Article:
After traumatic upper-limb amputation (TULA), one-third of patients develop traumatic pathological grief (PG). However, are the other two-thirds unscathed? The main aim of the present study was to assess the rate of TULA victims claiming to have dealt with the consequences and showing no PG. The secondary objective was to determine positive and negative factors enabling and preventing coping.
A retrospective clinical study was conducted over an 11-year period in all adult TULA cases in our department. Assessment was on questionnaire. PG was assessed on the ICG (Inventory of Complicated Grief). Factors were assessed on physical, psychological, social, functional, esthetic and epidemiological criteria. Statistical analysis used StatView software, with the significance threshold set at p<0.05.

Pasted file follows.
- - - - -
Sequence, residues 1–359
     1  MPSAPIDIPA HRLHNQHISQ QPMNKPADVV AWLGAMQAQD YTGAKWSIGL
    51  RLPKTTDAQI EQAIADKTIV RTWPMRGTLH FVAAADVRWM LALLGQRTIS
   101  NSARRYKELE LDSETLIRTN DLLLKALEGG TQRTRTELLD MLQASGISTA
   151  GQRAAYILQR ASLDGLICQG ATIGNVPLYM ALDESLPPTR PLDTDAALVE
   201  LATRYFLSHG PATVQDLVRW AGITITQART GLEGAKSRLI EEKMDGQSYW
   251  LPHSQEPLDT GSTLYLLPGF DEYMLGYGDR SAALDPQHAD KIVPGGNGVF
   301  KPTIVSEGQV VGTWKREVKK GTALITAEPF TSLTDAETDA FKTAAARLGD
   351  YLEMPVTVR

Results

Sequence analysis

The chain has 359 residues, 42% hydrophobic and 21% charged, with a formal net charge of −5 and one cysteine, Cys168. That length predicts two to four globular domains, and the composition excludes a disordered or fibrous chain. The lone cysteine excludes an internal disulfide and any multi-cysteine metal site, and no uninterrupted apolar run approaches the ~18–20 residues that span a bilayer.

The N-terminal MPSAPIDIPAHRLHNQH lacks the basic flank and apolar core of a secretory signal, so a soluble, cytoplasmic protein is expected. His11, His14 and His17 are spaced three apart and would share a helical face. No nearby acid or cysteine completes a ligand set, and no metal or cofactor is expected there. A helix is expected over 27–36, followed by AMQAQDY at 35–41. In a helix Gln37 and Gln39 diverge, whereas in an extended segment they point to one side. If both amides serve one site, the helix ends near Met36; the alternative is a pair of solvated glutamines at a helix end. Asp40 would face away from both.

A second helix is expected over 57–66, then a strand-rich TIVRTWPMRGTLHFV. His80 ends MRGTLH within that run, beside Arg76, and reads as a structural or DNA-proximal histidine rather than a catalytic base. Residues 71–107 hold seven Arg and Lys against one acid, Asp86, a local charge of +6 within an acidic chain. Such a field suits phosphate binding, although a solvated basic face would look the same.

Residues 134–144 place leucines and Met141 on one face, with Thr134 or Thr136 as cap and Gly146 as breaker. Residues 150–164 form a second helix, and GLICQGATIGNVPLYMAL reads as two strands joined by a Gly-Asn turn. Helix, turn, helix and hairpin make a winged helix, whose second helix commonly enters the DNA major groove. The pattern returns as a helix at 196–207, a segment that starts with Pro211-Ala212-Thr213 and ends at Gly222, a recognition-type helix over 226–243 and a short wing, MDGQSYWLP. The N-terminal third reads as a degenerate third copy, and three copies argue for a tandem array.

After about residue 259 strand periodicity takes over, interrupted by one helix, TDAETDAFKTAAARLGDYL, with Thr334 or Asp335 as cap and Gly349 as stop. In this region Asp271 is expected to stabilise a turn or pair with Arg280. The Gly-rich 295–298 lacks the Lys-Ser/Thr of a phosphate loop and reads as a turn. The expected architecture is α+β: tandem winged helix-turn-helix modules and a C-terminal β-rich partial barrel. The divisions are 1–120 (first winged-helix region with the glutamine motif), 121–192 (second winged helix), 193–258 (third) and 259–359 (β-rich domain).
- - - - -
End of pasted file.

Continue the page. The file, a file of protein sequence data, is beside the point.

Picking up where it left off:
Functional and social impacts were significantly greater in case of PG. Thumb amputation was significantly associated with PG, while PG was significantly less frequent in case of amputation at the metacarpal base. Patients in PG had significantly more often undergone neuroma resection or stump revision surgery.
Fewer than a half of TULA victims achieved cure. Long-term prognosis depends on the patient's ability to accept the new situation, much more than on amputation level. Patients need support from the very first minutes, with follow-up extended well belong scar healing. Onset and healing of the narcissistic wound are inevitably delayed compared to skin healing.Le texte complet de cet article est disponible en PDF.
Keywords : Traumatic amputation, Upper limb, Reconstruction, Pathological grief, Psychological
Abbreviations : TULA, PG